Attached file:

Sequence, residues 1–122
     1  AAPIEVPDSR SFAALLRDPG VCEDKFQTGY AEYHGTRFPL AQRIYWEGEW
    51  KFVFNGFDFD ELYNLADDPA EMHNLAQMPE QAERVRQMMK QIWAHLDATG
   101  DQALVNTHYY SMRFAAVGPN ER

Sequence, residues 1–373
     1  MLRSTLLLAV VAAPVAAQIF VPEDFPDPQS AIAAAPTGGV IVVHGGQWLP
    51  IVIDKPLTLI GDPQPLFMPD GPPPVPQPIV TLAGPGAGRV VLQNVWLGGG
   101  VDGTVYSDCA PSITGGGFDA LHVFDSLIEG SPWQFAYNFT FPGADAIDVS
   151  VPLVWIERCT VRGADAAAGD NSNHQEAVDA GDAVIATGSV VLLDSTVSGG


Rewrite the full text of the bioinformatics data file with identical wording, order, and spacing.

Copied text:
Sequence, residues 1–122
     1  AAPIEVPDSR SFAALLRDPG VCEDKFQTGY AEYHGTRFPL AQRIYWEGEW
    51  KFVFNGFDFD ELYNLADDPA EMHNLAQMPE QAERVRQMMK QIWAHLDATG
   101  DQALVNTHYY SMRFAAVGPN ER

Sequence, residues 1–373
     1  MLRSTLLLAV VAAPVAAQIF VPEDFPDPQS AIAAAPTGGV IVVHGGQWLP
    51  IVIDKPLTLI GDPQPLFMPD GPPPVPQPIV TLAGPGAGRV VLQNVWLGGG
   101  VDGTVYSDCA PSITGGGFDA LHVFDSLIEG SPWQFAYNFT FPGADAIDVS
   151  VPLVWIERCT VRGADAAAGD NSNHQEAVDA GDAVIATGSV VLLDSTVSGG